“I THINK," said Egeria one morning, « it is Dr Clarke who describes the Russians as plated savages,—their magnificence as but lackered barbarity; and I doubt not there is much truth in the remark. They set forward in the march of improvement when the rest of Europe was in comparative maturity, and assumed many of the exterior symbols of civilization before they had passed through the different stages by which the mental refinement can alone be attained. This was undoubtedly owing to the peculiar character and carpenter-accomplishments of Peter the Great. His mind was naturally of the European cast, but his subjects, as I have before observed to you, were in many points essentially Asiatic: his talents were of a rude and coercive kind. His administration may be described as a constant effort, to impose not only civilization in manners, but philosophy and mechanical industry on a people who knew not the worth nor the importance of either. He had, in truth, looked more at the physical results of political strength in other states than at the causes which produced it, and this mistake in any weaker or more delicate hand would have been fatal. His contempt of the lives of his people, and his ambition to build up a state, without reference to the opinions of his subjects, constitute the two grand features of his history. He knew that he could not be great in the community of the Euro
pean states, without fleets, arsenals, and armies. He had seen himself, that all great empires had magnificent capitals, and something too he had heard of Babylon and of Rome, and therefore he resolved to build St Petersburgh. But although all that he did with respect to those undertakings was founded in sagacious conceptions, both of immediate and remote policy, yet it was nevertheless barbaric. The nation for whom he planned and accomplished so many stupendous designs, neither knew their utility nor could comprehend their policy; but there was an intellectual power about the man that awed and commanded his barbarians like the influence of a god.
“ As a monarch, according to our British notions, Peter was one of the worst kind. It is because we see his character in what he achieved that we respect the memory of this colossal despot.' Were we to consider him in the means he employed, and to read the history of his glorious reign in the details, our aversion towards him would only be mitigated by the scorn with which we would regard his docile and ductile barbarians. Can any thing be more gross than his court was ?-Look at the ridiculous account of his visit to that of Berlin.”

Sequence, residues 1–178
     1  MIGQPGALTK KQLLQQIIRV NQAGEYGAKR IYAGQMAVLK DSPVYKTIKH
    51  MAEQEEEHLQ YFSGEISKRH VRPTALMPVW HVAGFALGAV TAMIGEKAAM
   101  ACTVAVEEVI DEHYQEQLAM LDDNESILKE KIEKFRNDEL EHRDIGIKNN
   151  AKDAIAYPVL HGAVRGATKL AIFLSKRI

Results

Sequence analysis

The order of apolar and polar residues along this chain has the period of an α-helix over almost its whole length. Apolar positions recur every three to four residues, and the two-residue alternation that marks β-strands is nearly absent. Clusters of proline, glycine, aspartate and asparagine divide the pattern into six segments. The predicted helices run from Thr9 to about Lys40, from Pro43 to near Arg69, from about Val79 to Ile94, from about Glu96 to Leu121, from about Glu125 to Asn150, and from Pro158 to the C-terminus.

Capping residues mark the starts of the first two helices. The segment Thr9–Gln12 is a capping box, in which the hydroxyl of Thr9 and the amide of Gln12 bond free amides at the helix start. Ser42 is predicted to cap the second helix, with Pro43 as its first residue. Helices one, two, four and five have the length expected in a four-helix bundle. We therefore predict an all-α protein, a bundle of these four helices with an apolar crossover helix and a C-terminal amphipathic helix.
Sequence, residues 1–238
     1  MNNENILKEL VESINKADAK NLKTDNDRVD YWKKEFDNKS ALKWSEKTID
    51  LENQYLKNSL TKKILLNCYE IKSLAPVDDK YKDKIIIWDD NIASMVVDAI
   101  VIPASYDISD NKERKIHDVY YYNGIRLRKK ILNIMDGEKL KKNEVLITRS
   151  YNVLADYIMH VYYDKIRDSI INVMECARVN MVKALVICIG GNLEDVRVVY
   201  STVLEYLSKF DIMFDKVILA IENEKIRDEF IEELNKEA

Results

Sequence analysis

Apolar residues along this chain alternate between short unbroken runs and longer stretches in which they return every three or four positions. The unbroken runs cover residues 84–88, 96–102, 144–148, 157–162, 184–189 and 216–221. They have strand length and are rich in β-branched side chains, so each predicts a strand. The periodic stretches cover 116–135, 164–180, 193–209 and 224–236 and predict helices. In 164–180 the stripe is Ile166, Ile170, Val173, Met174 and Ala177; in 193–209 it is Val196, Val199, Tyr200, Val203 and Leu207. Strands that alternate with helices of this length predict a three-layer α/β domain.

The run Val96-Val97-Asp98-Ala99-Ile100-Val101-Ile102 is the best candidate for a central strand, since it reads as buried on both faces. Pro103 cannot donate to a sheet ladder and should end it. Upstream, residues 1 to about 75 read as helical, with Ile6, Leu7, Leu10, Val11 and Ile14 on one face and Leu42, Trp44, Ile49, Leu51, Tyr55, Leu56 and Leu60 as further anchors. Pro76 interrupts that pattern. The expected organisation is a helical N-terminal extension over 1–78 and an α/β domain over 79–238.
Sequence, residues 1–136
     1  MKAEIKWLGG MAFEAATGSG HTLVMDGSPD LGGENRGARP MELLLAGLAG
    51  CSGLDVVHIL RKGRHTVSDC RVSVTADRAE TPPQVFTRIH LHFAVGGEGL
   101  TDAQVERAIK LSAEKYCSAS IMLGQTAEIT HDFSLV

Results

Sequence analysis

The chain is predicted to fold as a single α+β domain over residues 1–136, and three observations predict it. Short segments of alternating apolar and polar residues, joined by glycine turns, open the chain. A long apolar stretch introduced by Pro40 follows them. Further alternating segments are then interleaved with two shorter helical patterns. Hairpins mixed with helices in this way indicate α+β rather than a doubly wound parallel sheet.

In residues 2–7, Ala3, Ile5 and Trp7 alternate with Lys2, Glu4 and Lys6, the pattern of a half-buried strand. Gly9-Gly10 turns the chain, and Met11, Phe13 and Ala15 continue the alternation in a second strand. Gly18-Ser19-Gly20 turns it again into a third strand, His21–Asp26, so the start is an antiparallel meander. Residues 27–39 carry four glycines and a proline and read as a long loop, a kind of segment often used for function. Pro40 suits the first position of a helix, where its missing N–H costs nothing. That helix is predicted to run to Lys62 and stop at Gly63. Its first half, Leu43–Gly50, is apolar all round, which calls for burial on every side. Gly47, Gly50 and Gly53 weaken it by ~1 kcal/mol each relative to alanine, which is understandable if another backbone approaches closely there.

unded his barbarians according to our "Tt is be
“ In the year 1717, Peter the Great came with his empress and court to pay a visit at Berlin. On his first presentation, the czar took Frederic by the hand, and said, he was glad to see him ; he then offered to kiss the queen, but she declined the honour. He next presented his son and daughter, and four hundred ladies in waiting, the greater part of whom, the princess assures us, were washerwomen and scullions promoted to that nominal dignity. Almost every one of them, however, she adds, had a baby richly dressed in her arins ; and when any one asked whose it was, answered with great coolness and complacency, that the czar had done her the honour to make her the mother of it.' The czarine was very short, tawny, and ungraceful, dressed like a provincial German player, in an oldfashioned robe, covered with dirt and silver, and with some dozens of medals and pictures of saints strung down the front, which clattered every time she moved like the bells of a pack-horse. She spoke little Ger. man, and no French ; and finding that she got on but ill with the queen and her party, she called her fool into a corner to come and entertain her in Russianwhich she did with such effect, that she kept her in a continual roar of laughter before all the court. The czar himself is described as tall and rather handsome, though with something intolerably harsh in his physi. ognomy. On first seeing our royal author he took her up in his arms, and rubbed the skin off her face in kissing her, with his rough beard ; laughing very heartily at the airs with which she resented this familiarity. He was liable at times to convulsive starts and spasms, and being seized with them when at table, with his knife in his hand, put his hosts into no little bodily terror. He told the queen, however, that he would do her no harm, and took her hand in token of his good humour ; but squeezed it so unmercifully that she was forced to cry out-at which he laughed again with great violence, and said, “ her bones were not so well knit as his Catherine's. There was to be a grand ball in the evening; but as soon as he had done eating, he got up, and trudged home by himself to his lodgings in the suburbs. Next day they went to see the curiosities of the place. What pleased him most was a piece of antique sculpture, most grossly indecent. Nothing, however, would serve him but that his wife should kiss this figure; and